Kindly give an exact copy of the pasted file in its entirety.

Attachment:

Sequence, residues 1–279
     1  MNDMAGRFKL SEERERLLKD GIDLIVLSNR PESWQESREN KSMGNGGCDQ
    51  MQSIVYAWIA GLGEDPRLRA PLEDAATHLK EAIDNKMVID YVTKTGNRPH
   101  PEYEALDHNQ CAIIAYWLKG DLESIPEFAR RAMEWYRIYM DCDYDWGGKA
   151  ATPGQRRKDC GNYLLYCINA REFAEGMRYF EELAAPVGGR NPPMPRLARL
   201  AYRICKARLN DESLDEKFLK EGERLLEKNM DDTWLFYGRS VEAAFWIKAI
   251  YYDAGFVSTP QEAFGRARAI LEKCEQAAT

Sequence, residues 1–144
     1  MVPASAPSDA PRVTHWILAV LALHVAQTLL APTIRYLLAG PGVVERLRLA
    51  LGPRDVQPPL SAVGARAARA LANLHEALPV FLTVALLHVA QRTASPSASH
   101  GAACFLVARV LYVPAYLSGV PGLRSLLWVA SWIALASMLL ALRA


Sequence, residues 1–279
     1  MNDMAGRFKL SEERERLLKD GIDLIVLSNR PESWQESREN KSMGNGGCDQ
    51  MQSIVYAWIA GLGEDPRLRA PLEDAATHLK EAIDNKMVID YVTKTGNRPH
   101  PEYEALDHNQ CAIIAYWLKG DLESIPEFAR RAMEWYRIYM DCDYDWGGKA
   151  ATPGQRRKDC GNYLLYCINA REFAEGMRYF EELAAPVGGR NPPMPRLARL
   201  AYRICKARLN DESLDEKFLK EGERLLEKNM DDTWLFYGRS VEAAFWIKAI
   251  YYDAGFVSTP QEAFGRARAI LEKCEQAAT

Sequence, residues 1–144
     1  MVPASAPSDA PRVTHWILAV LALHVAQTLL APTIRYLLAG PGVVERLRLA
    51  LGPRDVQPPL SAVGARAARA LANLHEALPV FLTVALLHVA QRTASPSASH
   101  GAACFLVARV LYVPAYLSGV PGLRSLLWVA SWIALASMLL ALRA